The real contribution of the documentary and the reactions to it is that exposes the vast divide between the “many Indias.” The discussion around the film neglects the important information we learn about Jyoti, she is like a new generation of Indians who have been raised with Western media, American food, and the values that follow it. She challenged societal norms and insisted that her parents allow her to pursue a medical education and worked at a call center to support herself. Following economic liberalization in 1991, a growing middle class emerged that is increasingly indistinguishable from those in many Western cities — they watch American movies, eat hamburgers, drink their version of Starbucks coffee, and date. These young Indians may work at call centers, Indian-subsidiaries for foreign corporation, banks, and other emerging businesses.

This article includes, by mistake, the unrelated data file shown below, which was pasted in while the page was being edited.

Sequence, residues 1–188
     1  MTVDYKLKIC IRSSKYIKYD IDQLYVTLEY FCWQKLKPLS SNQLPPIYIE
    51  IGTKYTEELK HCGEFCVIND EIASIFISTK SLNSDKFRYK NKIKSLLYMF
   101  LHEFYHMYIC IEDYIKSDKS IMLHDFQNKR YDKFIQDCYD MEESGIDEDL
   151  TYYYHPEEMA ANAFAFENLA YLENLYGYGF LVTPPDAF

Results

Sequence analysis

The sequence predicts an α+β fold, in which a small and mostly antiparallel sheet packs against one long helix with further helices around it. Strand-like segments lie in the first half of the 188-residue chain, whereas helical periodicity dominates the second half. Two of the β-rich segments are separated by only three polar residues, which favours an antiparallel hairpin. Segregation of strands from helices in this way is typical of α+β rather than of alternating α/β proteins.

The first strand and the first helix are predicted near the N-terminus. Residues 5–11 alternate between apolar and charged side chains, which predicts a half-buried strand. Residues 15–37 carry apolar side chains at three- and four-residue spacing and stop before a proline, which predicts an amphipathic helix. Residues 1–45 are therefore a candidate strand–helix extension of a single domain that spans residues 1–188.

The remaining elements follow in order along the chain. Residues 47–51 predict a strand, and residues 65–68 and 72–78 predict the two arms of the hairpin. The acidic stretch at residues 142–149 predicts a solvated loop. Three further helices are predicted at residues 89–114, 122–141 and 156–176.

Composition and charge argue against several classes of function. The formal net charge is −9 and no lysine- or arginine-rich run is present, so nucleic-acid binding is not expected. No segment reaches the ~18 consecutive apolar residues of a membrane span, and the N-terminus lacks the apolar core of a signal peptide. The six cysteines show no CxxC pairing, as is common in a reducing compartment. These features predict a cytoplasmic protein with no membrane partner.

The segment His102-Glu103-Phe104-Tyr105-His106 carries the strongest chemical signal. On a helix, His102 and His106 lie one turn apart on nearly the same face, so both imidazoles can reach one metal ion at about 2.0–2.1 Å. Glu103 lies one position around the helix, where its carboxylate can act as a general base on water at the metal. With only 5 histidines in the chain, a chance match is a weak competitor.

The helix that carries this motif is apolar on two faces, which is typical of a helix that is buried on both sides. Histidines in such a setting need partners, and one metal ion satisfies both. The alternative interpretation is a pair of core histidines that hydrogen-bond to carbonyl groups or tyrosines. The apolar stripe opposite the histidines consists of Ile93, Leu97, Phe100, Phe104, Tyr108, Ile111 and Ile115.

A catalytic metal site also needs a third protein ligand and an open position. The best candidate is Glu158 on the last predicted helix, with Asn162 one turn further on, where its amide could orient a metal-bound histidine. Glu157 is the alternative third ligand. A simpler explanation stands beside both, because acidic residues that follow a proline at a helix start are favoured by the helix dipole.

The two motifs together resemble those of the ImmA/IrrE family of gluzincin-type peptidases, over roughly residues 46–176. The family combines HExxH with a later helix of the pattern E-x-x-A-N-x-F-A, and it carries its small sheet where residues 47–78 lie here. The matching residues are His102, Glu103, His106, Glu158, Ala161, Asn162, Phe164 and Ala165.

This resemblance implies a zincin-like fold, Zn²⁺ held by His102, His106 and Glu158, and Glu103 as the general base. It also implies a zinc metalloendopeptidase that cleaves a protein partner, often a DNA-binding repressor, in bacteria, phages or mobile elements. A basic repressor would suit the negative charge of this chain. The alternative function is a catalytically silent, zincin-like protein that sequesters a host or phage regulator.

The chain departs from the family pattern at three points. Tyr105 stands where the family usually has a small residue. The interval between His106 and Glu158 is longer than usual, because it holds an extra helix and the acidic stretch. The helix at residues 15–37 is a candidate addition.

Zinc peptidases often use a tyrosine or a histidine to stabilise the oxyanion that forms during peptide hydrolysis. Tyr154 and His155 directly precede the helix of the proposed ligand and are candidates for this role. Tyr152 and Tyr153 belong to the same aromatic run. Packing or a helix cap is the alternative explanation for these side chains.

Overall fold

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The UN Committee on the Elimination of Racial Discrimination Expresses Concern Over Public Education in Chicago

by Brian Citro, Acting Director, International Human Rights Clinic, University of Chicago Law School and Bill Watson, PILI Fellow, International Human Rights Clinic, University of Chicago Law School

On August 13th and 14th in Geneva, Switzerland, an international committee of experts reviewed the United States’ compliance with the International Convention on the Elimination of All Forms of Racial Discrimination (CERD). Four committee members separately questioned a delegation of U.S. officials about the racially disparate impact of last year’s Chicago public school closings—the largest wave of school closings in U.S. history. The closings were one of the most frequently cited specific instances of racial discrimination in the United States addressed during the review process.